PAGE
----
The Courage to Imagine…

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Archive for the ‘Religion’ Category

How I Learned to Stop Judging

Posted by jeromefaraday on September 27, 2010

I used to be a very judgmental person. It started as a child when I felt that my religious persuasion was infinitely superior to that of my friends. This tendency has sadly reasserted itself throughout my life in regards to religious matters and other things. Take note: one can be judgmental and fundamentalist about any topic, not just religion.

Now, there’s nothing wrong with making truth claims. A religion or any other movement has to be true to itself. On the other hand, there is a reason why Jesus (and other teachers) emphasized the importance of non-judgment.

For one, we don’t know the heart of the other person. We like to give ourselves the benefit of the doubt when addressing our flaws, but often fail to do so in others. For example, we may see our addictions as a result of a good person undergoing genuine struggle while judging another person as morally suspect for a similar condition.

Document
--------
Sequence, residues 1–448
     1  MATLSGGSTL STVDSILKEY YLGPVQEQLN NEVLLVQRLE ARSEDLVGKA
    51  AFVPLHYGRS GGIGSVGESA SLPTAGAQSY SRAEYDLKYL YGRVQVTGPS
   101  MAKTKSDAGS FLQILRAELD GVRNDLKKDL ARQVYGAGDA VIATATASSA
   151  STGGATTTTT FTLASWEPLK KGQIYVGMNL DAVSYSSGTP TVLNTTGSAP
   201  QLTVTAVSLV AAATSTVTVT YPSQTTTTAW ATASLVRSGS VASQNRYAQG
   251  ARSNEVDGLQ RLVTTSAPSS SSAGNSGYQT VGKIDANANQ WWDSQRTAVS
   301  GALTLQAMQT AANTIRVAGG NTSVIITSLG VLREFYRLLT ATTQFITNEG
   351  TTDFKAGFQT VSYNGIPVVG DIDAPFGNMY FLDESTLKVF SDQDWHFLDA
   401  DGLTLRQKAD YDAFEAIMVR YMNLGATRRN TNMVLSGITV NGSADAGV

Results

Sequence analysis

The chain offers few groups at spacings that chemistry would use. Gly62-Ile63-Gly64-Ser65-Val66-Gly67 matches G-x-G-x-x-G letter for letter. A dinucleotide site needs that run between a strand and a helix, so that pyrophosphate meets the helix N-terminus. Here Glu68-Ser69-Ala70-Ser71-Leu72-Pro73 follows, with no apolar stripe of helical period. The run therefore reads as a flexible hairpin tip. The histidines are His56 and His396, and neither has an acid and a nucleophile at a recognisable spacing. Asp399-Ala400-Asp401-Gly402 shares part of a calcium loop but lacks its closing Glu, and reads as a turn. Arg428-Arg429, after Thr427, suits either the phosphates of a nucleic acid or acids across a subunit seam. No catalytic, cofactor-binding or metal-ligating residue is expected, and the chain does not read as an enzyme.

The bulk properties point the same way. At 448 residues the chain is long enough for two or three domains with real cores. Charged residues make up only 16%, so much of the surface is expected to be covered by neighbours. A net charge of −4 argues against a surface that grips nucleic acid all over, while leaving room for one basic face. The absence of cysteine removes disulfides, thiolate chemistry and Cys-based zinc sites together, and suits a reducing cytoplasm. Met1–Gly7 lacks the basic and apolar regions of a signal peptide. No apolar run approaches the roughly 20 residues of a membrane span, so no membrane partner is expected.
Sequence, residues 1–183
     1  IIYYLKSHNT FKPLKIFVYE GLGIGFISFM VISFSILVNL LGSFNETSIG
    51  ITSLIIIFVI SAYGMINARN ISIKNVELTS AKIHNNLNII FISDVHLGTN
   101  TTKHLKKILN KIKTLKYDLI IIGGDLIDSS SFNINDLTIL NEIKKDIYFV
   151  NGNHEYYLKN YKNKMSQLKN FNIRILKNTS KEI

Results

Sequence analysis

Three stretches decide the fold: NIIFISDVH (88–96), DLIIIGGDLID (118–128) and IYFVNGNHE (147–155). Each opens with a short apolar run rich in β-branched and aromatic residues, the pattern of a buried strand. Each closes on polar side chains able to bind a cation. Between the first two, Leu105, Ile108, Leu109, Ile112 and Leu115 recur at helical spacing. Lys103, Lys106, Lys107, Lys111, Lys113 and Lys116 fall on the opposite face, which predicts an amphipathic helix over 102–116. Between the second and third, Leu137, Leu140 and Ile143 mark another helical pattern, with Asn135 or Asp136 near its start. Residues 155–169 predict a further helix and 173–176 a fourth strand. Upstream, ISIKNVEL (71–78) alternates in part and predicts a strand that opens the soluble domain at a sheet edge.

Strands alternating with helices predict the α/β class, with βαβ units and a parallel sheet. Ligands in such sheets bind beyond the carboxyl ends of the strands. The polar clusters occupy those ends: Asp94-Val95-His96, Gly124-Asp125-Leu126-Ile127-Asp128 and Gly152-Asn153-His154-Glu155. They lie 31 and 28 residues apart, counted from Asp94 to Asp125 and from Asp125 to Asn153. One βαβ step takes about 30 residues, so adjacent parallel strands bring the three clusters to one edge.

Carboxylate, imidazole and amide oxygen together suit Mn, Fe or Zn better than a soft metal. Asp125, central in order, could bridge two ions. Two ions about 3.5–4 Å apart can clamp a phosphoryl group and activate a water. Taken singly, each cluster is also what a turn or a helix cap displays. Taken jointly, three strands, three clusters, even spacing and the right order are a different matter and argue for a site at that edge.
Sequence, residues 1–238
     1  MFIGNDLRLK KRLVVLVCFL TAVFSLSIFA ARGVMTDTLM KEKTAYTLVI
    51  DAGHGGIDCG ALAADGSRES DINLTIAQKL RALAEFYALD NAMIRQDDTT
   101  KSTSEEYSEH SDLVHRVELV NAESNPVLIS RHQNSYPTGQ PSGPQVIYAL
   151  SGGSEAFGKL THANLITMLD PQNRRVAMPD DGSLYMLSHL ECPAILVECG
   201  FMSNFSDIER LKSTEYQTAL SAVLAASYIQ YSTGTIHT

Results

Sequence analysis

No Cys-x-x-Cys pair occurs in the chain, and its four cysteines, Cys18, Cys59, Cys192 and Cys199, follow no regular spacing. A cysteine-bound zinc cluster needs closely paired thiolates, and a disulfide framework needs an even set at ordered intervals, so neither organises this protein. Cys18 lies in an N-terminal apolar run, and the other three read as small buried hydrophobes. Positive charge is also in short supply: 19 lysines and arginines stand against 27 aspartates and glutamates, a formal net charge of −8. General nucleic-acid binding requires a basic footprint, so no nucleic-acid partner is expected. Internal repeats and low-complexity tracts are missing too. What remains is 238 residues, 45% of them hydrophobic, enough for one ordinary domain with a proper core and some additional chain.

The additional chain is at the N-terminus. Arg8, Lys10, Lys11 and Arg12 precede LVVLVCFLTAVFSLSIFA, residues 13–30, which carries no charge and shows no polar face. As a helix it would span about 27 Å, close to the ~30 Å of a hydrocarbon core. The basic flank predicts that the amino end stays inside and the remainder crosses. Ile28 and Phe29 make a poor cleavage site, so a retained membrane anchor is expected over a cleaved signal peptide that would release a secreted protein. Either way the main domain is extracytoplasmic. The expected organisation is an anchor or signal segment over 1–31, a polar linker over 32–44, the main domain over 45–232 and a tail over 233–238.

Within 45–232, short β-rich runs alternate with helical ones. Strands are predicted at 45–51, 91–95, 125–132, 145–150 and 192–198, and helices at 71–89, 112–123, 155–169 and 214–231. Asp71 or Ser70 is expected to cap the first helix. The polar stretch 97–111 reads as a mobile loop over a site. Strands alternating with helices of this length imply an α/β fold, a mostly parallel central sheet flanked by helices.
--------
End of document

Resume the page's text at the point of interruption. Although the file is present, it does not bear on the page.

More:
Second, I’ve come to realize the value of freedom. Since intellectual and moral truths are often considered subjective the freedom of others to be stupid, misguided, or just plain wrong in my mind, also allows me to be stupid, misguided, or just plain wrong in theirs.

Finally, I’ve realized that the Truth wins in the end. In a real marketplace of ideas, the truth will prevail through honest, non-violent means (e.g. see the message of Jesus and Gandhi). The application of force to convince others of truth in the end only weakens the claims of any system. God will prevail, whether in this life or the next. While we have an obligation to speak the truth, it’s not our place to condemn peaceful people or take away their liberty.

I consider my ability to refrain from condemning others as a huge step in my spiritual growth. It’s allowed me to put more trust in God and also to look at my own failings instead of dwelling on those of other people all the time. It’s also (when combined with empathy) allowed me to see the good in others and help them change.